Day 183. 135km. Gongliu – Areletuobie

Posted: November 11, 2015 in China, Cycling
Tags: , , ,

The people here are wonderful – I’ve been showered with happy faces and gifts. On the other hand, like Iran, this is a state ruled by the iron fist. Again my hotel looked a bit shaky after a police station visit. I am only passing through. The people that live here have to endure this indefinitely.

Unity of the people

Unity of the people

Every kilometre or so I pass by a bright red sign with yellow script. I had a bash at translating one – it was all about unity and solidarity of the people. The signs were about as frequent as the two heads in Iran, and the president in Tajikistan. They were everywhere.

Just in front of a red sign, I was stopped by a good-looking young man I had smiled at a kilometre back down the road. He had hopped on his motor scooter and gave me a bottle of water. I was handed another bottle of water out of the window of a passing car. I was given some watermelon by two kids who were at the same melon stall as me. I was given a new cap, towel and two cobs of cooked corn at my lunch stop. And I was given all sorts of different fruits when getting some fruit for dinner. Lovely lovely people.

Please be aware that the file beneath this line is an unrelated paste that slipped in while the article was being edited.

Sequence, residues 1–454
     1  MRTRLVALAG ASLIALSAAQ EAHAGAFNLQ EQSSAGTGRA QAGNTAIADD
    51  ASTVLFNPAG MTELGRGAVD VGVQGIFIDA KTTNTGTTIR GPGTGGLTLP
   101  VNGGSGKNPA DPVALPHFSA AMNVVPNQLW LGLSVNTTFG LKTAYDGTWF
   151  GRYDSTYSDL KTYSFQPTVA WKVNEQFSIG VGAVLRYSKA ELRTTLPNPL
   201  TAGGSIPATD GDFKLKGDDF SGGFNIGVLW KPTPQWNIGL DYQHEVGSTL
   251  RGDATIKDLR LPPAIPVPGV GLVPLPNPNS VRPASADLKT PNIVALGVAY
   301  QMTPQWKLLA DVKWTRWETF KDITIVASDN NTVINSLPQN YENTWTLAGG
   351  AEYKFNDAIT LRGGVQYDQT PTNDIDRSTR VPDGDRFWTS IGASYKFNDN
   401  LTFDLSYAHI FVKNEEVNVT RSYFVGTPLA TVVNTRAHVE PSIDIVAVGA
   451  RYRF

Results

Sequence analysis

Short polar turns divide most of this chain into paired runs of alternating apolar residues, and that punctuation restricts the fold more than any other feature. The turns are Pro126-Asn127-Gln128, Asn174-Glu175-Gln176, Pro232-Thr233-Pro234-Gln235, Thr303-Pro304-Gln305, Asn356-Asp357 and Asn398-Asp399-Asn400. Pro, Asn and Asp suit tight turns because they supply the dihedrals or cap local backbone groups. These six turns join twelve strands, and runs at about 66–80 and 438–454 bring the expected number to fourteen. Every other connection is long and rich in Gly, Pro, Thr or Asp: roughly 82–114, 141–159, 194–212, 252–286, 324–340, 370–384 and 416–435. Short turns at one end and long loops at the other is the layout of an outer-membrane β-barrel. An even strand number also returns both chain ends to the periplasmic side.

Melon stall

Melon stall

Gift showerers

Gift showerers

Fruit gifts

Fruit gifts

I found a hotel, put my bike in the room, and went with the hotel manager to the police station. (He wanted to take my passport there himself. I said I would come with him.) I could sense it coming (I understood a lot of what they were saying at the police station.) I wasn’t allowed to stay in that hotel, or indeed any hotel in the village. I needed to go 25km to a different village where there was a foreigner hotel. Then the, now standard, phone call with the English speaker confirmed my suspicions. I played the same card as yesterday – ‘I’m tired, it’s late, and I can’t cycle further. I just want to sleep.’
Mm. Some police websites were opened, some protocol documents checked, and then, amazingly, I could go. I was allowed to sleep at my non-foreigner hotel. All this is getting tiring, though. I think tomorrow I’ll be sleeping hidden in my tent.

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